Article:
Treatments and drugs

By Mayo Clinic Staff

For baby boys, hydroceles typically disappear on their own within a year. If a hydrocele doesn't disappear after a year or if it continues to enlarge, it might need to be surgically removed.

For adult males, hydroceles often go away on their own within six months. A hydrocele requires treatment only if it gets large enough to cause discomfort or disfigurement. Then it might need to be surgically removed.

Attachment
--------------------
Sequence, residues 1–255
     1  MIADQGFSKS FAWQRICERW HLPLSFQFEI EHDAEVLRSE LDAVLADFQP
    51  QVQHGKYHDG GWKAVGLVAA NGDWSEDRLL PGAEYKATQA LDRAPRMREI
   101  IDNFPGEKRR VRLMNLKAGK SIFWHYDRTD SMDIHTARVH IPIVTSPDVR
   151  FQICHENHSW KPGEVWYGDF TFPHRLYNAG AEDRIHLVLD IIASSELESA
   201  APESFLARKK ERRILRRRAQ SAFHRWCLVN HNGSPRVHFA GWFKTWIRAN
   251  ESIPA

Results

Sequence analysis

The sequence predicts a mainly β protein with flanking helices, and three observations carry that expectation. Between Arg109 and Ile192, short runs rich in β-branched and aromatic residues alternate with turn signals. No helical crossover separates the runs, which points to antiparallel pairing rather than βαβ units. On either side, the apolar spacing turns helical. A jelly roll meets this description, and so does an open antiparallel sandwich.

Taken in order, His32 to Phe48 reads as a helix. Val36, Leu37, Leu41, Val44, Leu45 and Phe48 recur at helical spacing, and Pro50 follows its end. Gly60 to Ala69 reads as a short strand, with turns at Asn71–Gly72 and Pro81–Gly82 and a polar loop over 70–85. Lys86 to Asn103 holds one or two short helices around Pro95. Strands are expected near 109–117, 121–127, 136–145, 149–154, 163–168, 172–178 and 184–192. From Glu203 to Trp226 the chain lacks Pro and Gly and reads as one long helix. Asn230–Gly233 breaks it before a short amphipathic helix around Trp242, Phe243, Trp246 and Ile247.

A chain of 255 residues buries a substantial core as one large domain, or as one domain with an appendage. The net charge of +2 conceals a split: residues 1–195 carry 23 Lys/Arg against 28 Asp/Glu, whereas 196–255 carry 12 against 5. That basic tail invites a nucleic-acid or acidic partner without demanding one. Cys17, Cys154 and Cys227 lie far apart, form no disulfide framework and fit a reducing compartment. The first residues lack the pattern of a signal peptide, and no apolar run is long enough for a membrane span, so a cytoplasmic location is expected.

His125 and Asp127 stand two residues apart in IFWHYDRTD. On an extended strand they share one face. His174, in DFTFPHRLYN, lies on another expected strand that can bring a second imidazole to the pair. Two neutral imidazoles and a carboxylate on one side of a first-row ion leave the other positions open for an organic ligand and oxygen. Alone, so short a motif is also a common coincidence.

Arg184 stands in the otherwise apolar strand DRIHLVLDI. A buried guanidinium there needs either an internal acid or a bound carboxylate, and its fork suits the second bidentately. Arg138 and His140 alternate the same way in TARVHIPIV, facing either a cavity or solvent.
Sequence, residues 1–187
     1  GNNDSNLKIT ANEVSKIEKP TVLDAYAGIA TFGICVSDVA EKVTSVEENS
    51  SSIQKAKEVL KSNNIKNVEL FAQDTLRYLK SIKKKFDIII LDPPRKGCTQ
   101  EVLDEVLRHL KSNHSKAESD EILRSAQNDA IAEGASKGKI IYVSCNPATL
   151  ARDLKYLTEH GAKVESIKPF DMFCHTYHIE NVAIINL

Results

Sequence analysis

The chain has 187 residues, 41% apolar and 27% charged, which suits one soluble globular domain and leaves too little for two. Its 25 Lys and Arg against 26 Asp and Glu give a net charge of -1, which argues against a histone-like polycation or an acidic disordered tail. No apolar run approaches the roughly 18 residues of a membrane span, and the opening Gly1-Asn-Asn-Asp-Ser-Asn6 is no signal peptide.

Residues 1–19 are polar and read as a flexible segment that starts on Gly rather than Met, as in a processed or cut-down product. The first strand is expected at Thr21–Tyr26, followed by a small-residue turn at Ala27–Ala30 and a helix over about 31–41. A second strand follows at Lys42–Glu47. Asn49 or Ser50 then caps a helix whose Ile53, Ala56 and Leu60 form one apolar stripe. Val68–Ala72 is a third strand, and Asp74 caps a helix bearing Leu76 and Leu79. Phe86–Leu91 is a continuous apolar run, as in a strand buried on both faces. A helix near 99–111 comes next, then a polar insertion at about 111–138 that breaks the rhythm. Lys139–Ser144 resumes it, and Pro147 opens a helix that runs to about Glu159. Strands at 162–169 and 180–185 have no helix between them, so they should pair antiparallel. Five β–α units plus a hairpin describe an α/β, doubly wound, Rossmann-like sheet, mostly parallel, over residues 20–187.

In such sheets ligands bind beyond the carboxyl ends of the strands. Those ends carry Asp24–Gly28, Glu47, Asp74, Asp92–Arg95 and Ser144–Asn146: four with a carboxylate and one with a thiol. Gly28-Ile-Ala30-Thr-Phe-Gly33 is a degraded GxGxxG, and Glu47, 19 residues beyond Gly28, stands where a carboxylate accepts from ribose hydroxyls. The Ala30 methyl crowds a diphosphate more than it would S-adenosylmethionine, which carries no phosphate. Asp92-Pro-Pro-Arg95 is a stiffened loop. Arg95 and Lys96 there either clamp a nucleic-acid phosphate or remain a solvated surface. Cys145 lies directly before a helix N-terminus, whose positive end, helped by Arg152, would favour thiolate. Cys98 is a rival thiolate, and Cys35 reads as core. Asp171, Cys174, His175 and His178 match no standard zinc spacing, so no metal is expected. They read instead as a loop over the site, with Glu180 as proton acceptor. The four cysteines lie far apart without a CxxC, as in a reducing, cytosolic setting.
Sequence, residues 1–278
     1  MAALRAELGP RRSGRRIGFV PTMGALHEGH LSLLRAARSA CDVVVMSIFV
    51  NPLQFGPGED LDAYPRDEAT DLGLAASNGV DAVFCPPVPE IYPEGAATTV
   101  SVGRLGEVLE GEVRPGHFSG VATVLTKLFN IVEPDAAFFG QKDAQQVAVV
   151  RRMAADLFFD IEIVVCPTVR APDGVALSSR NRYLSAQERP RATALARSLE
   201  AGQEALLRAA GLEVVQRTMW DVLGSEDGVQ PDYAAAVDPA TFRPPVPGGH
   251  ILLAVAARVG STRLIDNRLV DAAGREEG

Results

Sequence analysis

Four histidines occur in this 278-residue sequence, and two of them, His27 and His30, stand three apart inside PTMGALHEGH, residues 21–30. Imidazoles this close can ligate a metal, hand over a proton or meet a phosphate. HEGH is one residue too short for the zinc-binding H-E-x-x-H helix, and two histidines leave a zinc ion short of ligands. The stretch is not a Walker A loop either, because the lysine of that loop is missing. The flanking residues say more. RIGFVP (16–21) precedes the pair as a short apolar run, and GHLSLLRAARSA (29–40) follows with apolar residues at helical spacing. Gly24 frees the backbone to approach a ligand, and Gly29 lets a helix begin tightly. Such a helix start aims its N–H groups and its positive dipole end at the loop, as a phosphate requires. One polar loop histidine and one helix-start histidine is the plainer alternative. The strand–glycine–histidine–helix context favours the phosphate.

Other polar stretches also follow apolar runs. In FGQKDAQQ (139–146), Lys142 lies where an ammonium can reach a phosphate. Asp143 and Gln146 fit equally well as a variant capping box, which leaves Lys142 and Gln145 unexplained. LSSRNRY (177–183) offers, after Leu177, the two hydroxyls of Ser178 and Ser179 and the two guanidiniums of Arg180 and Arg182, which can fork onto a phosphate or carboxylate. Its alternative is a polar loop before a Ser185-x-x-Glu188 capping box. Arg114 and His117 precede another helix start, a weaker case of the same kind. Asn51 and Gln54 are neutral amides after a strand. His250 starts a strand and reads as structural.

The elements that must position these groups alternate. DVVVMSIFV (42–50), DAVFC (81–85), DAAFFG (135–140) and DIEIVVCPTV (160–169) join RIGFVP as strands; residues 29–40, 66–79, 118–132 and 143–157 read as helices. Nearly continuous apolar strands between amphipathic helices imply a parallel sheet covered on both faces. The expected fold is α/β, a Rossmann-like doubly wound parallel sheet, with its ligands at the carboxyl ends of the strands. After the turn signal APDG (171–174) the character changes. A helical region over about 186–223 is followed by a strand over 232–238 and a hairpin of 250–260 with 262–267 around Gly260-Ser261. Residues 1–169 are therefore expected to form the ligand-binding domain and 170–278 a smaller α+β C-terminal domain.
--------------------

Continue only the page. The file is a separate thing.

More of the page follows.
Surgery (hydrocelectomy)

The procedure can be performed on an outpatient basis during general or regional anesthesia. An incision is made in the scrotum or lower abdomen to remove the hydrocele. If a hydrocele is found during surgery to repair an inguinal hernia, the surgeon might remove the hydrocele even if it's causing no discomfort.

Follow-up care

After hydrocelectomy, you might need a tube to drain fluid and a bulky dressing for a few days. To ease discomfort, your doctor might recommend:

  • A scrotal support strap
  • Ice packs to help reduce swelling

Your doctor is likely to recommend a follow-up examination because a hydrocele might recur.

Oct. 09, 2014

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